It’s not the Corporation’s hundredth birthday, of course. The candles come out for that in 2027. This is the centenary of the original British Broadcasting Company being soldered together. But who can blame the BBC for claiming a second Royal birthday.
There is no doubt that the BBC has achieved truly great things - delivering astonishingly high-quality programmes over the years and rightly respected around the World.
Not just fondly-remembered landmark programming and news coverage from yesteryear, but a wealth of much more recent achievements.
In the radio sphere, Radio 1, is brilliantly focused. Radio 2 attracts huge audiences; and its mid-life shuffle is understandable. Radio 4 has so much to be proud of; but is maybe now just going through a stage of finding itself a personality for the 2020s - as it faces proper competition for the first time thanks to commercial radio’s scale and growing platform-equivalence. 5 Live similarly. But every group of radio stations will always have some family members on top form and others needing TLC in an ever-changing media world.
BBC Sounds was a relatively prompt and clear offering, now delivering huge numbers, although maybe its functionality and search might be bettered. Access to the BBC's wealth of content is an impressive offer. I suspect another generation of app is being planned.
I’m less convinced that BBC local radio is in any danger of sorting itself out, despite the wealth of dedicated and gifted staff. This peculiar beast has always been a puzzle to the BBC since Gillard sold in the idea back in the ‘60s. Misunderstood then, misunderstood now.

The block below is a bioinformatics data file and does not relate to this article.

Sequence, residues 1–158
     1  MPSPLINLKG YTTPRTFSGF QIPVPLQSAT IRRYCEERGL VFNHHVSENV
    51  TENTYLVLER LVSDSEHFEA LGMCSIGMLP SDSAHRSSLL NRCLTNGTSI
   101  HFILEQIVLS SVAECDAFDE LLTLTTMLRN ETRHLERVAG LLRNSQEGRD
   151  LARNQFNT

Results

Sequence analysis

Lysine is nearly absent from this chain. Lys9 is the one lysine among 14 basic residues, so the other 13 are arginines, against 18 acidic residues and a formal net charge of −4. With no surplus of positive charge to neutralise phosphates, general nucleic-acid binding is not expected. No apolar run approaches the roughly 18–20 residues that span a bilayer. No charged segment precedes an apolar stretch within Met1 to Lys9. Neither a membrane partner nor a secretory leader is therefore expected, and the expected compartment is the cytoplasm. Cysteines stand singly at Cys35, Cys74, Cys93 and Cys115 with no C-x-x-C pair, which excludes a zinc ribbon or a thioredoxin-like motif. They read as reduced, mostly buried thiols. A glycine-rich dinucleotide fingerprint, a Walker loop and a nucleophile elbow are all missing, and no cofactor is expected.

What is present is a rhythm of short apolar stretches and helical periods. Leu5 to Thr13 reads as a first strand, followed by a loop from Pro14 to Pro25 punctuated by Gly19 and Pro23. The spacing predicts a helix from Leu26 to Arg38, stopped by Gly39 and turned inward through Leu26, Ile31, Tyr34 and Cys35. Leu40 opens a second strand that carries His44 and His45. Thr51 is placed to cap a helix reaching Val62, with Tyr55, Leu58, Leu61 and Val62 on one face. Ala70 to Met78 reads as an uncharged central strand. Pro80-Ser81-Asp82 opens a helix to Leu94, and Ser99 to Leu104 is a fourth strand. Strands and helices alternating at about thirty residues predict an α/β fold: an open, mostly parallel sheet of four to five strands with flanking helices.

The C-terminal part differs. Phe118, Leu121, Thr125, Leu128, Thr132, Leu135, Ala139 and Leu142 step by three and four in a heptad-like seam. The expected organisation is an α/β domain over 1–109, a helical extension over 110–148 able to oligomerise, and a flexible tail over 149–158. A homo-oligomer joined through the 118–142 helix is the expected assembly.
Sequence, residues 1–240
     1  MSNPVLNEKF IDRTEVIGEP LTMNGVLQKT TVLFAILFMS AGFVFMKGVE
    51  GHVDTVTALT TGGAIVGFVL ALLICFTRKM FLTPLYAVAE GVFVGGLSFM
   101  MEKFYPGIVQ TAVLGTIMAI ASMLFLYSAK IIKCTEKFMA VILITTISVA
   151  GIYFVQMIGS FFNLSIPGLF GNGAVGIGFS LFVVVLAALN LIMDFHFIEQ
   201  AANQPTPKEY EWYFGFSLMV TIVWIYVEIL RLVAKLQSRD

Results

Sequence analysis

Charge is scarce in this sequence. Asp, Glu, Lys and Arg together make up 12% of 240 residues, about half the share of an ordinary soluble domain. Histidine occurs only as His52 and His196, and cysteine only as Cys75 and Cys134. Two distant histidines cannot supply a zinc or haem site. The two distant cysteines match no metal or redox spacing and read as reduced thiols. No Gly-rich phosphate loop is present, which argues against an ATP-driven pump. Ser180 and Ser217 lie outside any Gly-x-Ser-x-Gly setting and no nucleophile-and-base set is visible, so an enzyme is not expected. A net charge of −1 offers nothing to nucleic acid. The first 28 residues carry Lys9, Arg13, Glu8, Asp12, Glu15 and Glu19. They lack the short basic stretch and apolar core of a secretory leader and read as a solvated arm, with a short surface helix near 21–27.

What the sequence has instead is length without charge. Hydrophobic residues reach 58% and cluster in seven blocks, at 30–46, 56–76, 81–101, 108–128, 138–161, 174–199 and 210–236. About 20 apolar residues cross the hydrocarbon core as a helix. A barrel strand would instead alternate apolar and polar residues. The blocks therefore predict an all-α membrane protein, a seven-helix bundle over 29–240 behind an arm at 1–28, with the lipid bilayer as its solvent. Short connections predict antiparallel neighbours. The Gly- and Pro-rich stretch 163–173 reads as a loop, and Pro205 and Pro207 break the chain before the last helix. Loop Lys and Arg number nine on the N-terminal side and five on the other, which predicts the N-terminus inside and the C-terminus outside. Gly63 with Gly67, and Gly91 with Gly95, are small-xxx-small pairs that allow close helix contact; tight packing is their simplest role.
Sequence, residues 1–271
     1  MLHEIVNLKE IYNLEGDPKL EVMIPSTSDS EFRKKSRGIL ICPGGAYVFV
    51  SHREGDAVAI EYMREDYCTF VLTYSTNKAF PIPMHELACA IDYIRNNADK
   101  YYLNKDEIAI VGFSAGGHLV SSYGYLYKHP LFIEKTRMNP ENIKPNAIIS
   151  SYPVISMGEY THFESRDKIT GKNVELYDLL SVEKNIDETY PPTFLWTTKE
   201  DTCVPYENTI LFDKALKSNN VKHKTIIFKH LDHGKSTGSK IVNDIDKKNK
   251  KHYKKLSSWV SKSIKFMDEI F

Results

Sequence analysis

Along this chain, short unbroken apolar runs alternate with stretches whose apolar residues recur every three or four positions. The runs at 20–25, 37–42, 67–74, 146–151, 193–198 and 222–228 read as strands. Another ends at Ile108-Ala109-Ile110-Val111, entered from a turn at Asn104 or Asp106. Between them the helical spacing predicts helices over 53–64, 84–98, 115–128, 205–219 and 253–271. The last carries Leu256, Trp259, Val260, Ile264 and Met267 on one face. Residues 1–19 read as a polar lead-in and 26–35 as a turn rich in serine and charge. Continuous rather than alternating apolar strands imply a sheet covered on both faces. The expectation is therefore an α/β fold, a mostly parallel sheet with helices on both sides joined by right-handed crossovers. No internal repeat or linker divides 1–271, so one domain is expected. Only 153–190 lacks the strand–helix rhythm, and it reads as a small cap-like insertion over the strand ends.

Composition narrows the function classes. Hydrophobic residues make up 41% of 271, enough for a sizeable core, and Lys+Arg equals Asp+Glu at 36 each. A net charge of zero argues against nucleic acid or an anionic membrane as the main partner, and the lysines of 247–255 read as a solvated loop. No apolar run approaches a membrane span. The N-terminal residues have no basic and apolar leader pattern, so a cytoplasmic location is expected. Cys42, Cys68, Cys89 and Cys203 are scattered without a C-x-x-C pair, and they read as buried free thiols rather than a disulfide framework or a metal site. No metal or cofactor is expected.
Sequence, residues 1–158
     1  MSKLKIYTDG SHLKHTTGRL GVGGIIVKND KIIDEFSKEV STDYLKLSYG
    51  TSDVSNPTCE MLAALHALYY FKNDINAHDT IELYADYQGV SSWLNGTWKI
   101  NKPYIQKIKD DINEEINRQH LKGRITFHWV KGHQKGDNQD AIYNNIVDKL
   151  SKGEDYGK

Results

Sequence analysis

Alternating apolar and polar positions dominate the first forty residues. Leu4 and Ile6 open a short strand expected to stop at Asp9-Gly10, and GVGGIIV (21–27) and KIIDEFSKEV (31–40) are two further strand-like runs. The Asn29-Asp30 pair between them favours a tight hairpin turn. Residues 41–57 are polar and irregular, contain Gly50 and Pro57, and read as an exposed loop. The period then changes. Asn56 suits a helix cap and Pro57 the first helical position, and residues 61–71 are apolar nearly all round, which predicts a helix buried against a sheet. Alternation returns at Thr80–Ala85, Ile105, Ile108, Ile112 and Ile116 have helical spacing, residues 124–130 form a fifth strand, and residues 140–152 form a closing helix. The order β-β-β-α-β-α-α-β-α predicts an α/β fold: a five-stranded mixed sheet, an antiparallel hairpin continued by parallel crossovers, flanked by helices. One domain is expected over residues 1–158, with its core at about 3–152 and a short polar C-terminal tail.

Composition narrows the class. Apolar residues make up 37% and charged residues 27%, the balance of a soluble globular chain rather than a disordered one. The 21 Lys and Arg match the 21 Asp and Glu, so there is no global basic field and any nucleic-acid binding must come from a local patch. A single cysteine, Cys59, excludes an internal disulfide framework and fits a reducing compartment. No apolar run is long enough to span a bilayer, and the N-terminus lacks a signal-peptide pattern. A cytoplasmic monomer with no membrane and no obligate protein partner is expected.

Out of the spotlight, because it’s always been a much more powerful force out of London, it’s been batted from pillar to post, with the key players moving on before the fruits of their labours become apparent, or otherwise.
Housed within BBC News for the wrong reasons, then pulled out with no new natural home. Targeted at 55+, then quietly not being. Charged with ‘championing’ local communities, then quietly not being. Hugely talk-biased; and likely soon being able to play more music.
Wholly local at most peak times - it’s likely soon to be more regional. Not that many human beings care much about their neighbouring towns. Regional is an organisational device, not a human trait. As other media exploit geo-location of their audiences, BBC local radio goes regional. As audiences to local in big U.K. cities are eroded, the BBC chooses to make all footprints big!
There is much to be proud of on individual stations, and I know many of those involved, but if you were planning a way the BBC could make a valuable local contribution via local audio in the 21st century, you really wouldn’t start here. And it probably wouldn’t be costing a staggering £117m on content alone - and using huge numbers of transmitters puffing away fuel and licence fees across the U.K. All that - for a service of which alarmingly little is actually demanded by the current Operating Licence.